Captain Hume’s Journey to India

Philippe Pierlot lyra viol, Dhruba Ghosh sanagi, Nitiranjan Biswas tabla, Roselyne Simpelaere tanpura
Flora 1006

[dropcap]W[/dropcap]hat a fanciful idea to take Hume’s extraordinary imagination and contrast/combine it with the imagination of a far continent with enormously appealing musical traditions of its own! And who better to do it than Philippe Pierlot – a marvellous player, playing what he calls a ‘lyra viol’ – in this case a 6-string bass viol in standard tuning, apart from ‘I am melancholy’ which is indeed in the bandore set.

The first nine tracks are all from the 1605 ‘Captain Humes Musicall Humors’ the most substantial being ‘Captain Humes Pavan’ (no 46) with which he opens the recording. This is followed by 12 of the shorter pieces, all persuasively played with great insight, infectious enthusiasm and, of course, complete technical assurance. One finds oneself wondering: why not just let this music and this playing stand on its own, it’s so inventive, so attractive, with lovely melodies and the gorgeous sounds of the bass viol so beautifully played? Why take it to India? Before he leaves, as it were, there is such a lovely account of ‘I am melancholy’.

Then, unexpectedly, bells, the drone of the tanpura, the bowed sarangi, not such a foreign sound after what we have heard, playing a raga that recalls our minor scale, joined by the subtle plastic rhythms of the tabla. The piece has the title ‘Sunrise by the Riverside’ and, in contrast, nearly 10 minutes long. It imparts a sense of inner landscape rather than that which its pictorial title might suggest, not so distant from Hume’s whimsy, sometimes humorous, sometimes suggesting great depths.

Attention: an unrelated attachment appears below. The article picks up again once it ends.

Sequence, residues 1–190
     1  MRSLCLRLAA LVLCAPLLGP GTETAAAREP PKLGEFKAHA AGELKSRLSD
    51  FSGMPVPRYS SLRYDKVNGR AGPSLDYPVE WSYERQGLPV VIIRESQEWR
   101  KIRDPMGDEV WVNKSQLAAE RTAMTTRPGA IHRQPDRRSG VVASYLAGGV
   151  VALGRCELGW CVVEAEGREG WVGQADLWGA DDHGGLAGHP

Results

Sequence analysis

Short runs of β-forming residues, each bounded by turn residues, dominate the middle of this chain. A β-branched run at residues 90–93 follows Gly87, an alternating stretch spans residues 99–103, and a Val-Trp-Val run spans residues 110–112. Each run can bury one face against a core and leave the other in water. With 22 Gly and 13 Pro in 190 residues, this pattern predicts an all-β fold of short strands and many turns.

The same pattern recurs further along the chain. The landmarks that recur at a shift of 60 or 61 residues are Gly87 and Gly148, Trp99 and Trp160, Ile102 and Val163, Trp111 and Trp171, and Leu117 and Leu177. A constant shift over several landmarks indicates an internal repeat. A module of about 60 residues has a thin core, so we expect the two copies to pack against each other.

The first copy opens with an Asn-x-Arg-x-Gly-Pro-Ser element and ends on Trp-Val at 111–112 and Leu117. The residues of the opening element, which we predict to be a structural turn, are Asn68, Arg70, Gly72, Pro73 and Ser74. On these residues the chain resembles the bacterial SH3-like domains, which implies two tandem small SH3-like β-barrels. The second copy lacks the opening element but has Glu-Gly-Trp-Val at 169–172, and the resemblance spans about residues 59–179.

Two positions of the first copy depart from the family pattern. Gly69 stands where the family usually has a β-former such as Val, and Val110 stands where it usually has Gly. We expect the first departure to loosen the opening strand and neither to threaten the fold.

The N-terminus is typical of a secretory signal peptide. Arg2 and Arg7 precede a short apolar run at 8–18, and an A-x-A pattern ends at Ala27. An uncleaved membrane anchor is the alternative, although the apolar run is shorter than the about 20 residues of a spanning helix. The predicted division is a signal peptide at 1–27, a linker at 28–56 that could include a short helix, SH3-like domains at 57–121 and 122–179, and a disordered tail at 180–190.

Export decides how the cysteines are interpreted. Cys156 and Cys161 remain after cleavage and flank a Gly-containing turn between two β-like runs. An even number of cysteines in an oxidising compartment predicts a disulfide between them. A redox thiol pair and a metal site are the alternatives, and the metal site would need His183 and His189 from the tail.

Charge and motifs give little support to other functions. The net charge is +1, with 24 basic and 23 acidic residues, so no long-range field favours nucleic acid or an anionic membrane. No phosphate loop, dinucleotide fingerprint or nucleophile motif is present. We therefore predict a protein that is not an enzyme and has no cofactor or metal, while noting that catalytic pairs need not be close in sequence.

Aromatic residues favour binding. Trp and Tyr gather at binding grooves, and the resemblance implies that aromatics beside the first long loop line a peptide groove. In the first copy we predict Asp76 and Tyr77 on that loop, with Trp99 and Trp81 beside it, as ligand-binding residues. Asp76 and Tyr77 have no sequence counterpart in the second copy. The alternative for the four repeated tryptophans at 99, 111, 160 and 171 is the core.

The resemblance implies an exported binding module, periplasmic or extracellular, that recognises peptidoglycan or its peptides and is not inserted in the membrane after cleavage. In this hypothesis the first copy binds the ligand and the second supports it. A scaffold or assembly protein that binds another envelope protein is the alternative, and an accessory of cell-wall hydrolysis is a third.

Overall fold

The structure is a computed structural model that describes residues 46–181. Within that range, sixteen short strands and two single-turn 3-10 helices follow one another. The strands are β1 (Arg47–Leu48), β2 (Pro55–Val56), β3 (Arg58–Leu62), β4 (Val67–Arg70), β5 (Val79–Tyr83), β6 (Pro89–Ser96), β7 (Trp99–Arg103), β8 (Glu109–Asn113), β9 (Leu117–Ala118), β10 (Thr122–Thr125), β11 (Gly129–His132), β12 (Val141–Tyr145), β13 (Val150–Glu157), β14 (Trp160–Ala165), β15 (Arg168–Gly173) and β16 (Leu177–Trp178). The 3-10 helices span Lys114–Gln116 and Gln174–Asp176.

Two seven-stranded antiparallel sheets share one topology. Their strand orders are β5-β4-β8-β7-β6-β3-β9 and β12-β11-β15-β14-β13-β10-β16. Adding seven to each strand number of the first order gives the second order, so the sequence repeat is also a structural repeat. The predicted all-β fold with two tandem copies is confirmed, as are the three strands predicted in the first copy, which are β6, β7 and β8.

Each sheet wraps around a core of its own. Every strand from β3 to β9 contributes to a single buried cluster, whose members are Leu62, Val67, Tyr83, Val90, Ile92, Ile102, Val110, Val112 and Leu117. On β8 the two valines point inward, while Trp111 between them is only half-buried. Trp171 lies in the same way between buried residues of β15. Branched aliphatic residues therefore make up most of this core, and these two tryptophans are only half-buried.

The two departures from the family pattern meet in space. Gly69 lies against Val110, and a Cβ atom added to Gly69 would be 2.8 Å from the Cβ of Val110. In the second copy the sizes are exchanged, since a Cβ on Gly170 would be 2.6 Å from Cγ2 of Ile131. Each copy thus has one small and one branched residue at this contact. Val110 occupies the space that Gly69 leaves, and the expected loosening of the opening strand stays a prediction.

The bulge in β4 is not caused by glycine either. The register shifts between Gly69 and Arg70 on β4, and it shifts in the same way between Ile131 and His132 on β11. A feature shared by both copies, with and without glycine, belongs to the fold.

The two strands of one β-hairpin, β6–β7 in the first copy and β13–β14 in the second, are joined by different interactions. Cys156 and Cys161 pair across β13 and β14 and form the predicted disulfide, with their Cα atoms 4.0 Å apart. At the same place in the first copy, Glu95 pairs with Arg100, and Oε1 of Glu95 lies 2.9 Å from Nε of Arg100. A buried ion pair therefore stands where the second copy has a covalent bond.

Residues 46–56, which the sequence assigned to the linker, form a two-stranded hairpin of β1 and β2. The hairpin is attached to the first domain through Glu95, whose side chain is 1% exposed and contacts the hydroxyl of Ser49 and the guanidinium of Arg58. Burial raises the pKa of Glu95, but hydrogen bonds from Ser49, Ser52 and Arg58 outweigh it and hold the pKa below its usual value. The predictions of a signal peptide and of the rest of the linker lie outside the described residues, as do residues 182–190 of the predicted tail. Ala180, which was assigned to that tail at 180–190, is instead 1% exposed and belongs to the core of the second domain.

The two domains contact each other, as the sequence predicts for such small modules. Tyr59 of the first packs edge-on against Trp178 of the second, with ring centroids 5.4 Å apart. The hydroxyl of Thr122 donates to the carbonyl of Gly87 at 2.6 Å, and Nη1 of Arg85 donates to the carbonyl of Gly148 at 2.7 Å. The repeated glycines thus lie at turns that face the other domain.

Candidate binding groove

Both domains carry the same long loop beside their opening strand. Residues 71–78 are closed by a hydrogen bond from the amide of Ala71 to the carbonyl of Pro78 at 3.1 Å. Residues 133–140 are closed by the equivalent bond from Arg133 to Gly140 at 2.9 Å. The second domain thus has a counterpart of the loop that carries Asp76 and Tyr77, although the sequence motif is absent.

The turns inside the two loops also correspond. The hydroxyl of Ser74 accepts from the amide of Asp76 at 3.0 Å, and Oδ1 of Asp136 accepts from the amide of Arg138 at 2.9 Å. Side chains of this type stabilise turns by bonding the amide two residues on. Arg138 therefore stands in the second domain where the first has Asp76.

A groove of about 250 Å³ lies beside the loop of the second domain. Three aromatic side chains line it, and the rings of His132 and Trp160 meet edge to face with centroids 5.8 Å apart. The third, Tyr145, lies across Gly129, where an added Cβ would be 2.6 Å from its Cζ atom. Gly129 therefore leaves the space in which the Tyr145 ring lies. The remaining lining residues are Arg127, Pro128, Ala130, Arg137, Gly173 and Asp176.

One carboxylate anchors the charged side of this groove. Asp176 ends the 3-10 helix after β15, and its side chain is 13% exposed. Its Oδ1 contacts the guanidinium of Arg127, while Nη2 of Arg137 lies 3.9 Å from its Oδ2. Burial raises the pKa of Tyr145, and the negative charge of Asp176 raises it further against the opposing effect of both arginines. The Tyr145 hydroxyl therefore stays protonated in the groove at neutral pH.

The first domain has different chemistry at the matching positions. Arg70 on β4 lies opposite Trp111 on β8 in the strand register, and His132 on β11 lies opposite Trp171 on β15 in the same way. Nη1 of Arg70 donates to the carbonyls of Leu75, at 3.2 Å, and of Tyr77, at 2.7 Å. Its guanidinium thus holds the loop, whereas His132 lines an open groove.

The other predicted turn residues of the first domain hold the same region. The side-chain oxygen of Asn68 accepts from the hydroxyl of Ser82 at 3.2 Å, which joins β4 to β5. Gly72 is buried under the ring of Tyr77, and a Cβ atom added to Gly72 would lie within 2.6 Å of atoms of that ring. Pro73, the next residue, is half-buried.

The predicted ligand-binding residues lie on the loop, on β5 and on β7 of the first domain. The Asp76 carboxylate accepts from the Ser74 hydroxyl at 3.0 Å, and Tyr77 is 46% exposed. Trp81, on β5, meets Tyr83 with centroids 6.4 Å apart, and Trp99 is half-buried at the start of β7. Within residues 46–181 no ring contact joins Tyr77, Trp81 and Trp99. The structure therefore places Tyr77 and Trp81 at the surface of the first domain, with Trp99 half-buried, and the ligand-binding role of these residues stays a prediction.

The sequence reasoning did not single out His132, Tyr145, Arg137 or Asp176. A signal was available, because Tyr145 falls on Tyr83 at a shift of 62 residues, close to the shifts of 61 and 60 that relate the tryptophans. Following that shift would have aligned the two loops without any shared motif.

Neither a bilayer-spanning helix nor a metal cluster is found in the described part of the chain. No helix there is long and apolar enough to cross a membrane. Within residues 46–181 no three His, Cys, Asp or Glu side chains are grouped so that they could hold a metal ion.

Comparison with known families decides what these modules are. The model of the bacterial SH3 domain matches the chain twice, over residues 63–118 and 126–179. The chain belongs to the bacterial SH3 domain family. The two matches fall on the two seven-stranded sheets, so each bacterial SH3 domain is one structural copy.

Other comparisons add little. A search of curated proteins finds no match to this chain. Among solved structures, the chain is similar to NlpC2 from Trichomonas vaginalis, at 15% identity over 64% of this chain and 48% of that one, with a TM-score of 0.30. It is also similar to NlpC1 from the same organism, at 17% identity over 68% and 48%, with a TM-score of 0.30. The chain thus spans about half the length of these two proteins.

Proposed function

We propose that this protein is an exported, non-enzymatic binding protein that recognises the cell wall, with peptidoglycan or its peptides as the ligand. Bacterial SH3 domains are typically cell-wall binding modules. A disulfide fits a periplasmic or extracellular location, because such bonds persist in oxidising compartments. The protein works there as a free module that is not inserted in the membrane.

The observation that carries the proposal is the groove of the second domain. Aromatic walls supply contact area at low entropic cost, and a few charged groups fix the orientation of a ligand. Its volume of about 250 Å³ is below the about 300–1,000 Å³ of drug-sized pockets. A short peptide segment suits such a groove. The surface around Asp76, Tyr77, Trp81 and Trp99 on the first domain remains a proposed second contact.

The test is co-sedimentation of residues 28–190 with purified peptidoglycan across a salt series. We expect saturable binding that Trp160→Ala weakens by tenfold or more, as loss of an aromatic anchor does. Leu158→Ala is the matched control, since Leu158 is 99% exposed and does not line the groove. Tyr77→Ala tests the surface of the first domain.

The playing is compelling, surging to and from its principal notes, with gossamer figuration, ever increasing in its range and intensity, concluding peacefully as it began with the bells, the tanpura drone lingering on e, as Hume’s ‘Deth’ comes in with its a minor chord. The sarangi then joins it with an improvisation on what has just been played. The second section of ‘Deth’ then follows, joining seamlessly with the sarangi, and so to the end, with the tanpura maintaining its drone throughout. The result is magical and very moving.

It’s immediately followed, almost interrupted, by ‘A Tune to Hume’ played initially on the sarangi weaving its endless flow, until the tabla enters, then the voice, presumably the sarangi player, as accomplished a singer as he is a player.

Then the ‘Lamento di Tristano’ – the medieval tune, played first by the viol, with the tanpura drone, joined by the sarangi, in octaves, but with its characteristic flourishes, including bending the tuning.

The sarangi then takes off on its own for a time, and they all tear into the Rotto with the tabla even playing in octaves with the two melody instruments. Its very infectious, marvellous listening, a complete answer to my initial questions.

The booklet gives more suggestions than information, quoting Hume’s introduction to his publication, and F. J. Fétis ‘There is nothing in the West which has not come from the East.’ It doesn’t help that one page is repeated, and it seems another page is missing, but it matters so little, and perhaps even contributes to an open-ness that this recording imparts. Highly recommended – a tour de force of imaginative insight.

Robert Oliver

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